The 2021 grasshopper forecast map is based on adult grasshoppers counts conducted in August 2020 by Agriculture Fieldmen across the province. Alberta Agriculture and Forestry acknowledges the continued commitment and support of the Agriculture Fieldmen across the province in conducting the surveys essential to the creation of this forecast.

The adult grasshopper counts give an indication of the number of individuals capable of reproduction and egg laying. Environmental factors can result in higher or lower actual populations than forecast. Individual producers need to be aware of the potential risks in their area and monitor fields accordingly and then make the appropriate decisions if control measures are required.

For information on identification, life cycle, damage and pest management, see Grasshopper – Overview.

Survey findings

Peace River Region and Central Alberta

Surveyors were hard pressed to find grasshoppers in the Peace and northern portions of central Alberta in August of 2020. Melanoplus bruneri (Bruner’s spur-throat grasshopper) wasn’t recognized as a pest until very recently and this species has been documented as having a biennial lifecycle. This biennial lifecycle has a profound its impact on grasshopper forecasts. To view previous year forecasts see: Historical grasshopper population maps. The grasshopper forecast for a particular year is based on the grasshopper count from the previous August. If the grasshopper population in the Peace River Region and northern central Alberta is following a biennial cycle then the grasshopper counts from 2019 indicate that 2020 will be a low grasshopper year followed by a higher population in 2021 and that 2022 will be a low year.

Southern Alberta

In southern Alberta, dry summers are resulting in increasing grasshopper numbers. This is especially true in the M.D. of Acadia, Vulcan, Willow Creek, Lethbridge, Cardston, and Forty Mile counties. The grasshopper species found in southern Alberta are a blend of Melanoplus bivitattus, M. packardi, M. sanguinipes and Camnula pellucida. The rest of the province shows light to no grasshopper populations.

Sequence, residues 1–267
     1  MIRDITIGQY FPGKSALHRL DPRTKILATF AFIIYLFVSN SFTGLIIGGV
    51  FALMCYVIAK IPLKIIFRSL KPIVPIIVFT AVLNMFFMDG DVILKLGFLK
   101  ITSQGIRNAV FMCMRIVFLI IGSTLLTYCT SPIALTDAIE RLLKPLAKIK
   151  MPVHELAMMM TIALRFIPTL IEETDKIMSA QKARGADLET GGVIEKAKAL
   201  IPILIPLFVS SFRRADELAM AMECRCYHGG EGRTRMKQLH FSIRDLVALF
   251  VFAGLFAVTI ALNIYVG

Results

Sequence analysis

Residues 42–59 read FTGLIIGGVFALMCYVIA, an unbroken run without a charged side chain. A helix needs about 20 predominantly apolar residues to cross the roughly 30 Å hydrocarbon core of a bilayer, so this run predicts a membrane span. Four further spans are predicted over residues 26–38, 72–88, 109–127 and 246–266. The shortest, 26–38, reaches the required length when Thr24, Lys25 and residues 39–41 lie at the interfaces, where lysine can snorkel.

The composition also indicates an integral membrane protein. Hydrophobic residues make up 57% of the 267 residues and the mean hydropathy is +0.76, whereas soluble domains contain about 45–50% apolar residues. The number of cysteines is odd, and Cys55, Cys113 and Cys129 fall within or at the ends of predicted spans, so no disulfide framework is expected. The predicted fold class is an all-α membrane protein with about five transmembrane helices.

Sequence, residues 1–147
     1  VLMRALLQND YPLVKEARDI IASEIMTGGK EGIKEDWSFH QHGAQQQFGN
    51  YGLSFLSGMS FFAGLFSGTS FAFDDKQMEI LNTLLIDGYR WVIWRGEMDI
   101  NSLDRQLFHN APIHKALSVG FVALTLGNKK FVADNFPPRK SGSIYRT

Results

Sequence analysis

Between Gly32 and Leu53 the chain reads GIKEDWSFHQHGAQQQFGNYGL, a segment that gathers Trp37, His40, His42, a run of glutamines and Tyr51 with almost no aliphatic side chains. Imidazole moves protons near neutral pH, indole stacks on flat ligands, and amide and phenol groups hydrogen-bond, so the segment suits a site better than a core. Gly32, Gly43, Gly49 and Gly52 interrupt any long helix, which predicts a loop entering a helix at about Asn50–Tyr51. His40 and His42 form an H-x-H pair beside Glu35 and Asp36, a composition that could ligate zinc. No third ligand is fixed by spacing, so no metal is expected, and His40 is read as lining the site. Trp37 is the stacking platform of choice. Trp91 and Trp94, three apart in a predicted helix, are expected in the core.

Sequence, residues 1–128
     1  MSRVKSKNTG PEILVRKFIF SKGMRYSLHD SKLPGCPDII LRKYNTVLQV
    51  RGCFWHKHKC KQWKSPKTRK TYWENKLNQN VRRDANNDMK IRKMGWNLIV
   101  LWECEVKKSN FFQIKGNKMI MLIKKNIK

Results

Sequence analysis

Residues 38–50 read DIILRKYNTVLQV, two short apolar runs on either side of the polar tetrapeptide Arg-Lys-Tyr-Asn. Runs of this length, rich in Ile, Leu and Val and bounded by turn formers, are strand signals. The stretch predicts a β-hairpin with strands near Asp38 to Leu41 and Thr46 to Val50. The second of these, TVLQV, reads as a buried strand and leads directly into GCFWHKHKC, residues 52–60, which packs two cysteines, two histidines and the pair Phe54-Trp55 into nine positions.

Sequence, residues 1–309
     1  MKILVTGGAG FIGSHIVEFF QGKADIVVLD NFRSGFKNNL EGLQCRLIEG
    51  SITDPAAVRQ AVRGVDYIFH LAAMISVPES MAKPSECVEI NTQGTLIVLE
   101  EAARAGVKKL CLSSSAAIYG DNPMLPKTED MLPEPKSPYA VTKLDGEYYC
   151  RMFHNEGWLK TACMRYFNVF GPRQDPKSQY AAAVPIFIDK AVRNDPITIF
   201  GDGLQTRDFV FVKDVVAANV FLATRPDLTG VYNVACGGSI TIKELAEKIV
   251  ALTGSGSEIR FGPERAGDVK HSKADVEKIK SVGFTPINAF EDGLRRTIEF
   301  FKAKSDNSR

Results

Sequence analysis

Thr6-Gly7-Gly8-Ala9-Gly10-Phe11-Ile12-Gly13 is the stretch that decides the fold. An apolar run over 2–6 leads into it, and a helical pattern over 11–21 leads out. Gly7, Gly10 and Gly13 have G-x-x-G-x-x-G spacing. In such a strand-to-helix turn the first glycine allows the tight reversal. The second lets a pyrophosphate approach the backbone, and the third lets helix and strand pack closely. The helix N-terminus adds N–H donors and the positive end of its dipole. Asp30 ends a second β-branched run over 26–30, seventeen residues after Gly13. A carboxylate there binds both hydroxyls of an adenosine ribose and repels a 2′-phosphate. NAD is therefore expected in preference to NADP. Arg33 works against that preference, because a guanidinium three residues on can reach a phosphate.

Portions of southern Alberta indicating moderate to severe risk could experience problems with grasshoppers if environmental conditions favour grasshopper hatching and development in late May through June. Localized factors such as light soils or south-facing slopes result in an elevated risk of grasshopper infestations. Conditions in late spring 2021 will determine the extent of the grasshopper problems later this growing season. Infestation levels in individual fields are NOT indicated in this forecast map.

On individual farms, particular attention should be paid to areas that traditionally have higher grasshopper populations. In addition, grasshoppers tend to lay their eggs near areas of green growth in the fall that will provide potential food sources for emerging young the following spring. Areas with early green plant growth such as field margins, fence-lines and roadsides are also areas that will give early indications of potential grasshopper problems.

Control measures

If insecticides are needed, note label precautions regarding user safety and proper application techniques and instructions to reduce impacts on non-target organisms. It is important to remember that control measures are intended to protect the crops from economic damage and are never successful in totally eliminating grasshopper populations.


Thank you to Jan Lepp for the data management for this survey. Thank you David Giffen, Agriculture and Agri-Food Canada, Saskatoon for building the map.

Historical population maps


Economic thresholds for insects attacking forages

Economic thresholds for insects attacking special crops

Economic thresholds for insects attacking cereals and corn

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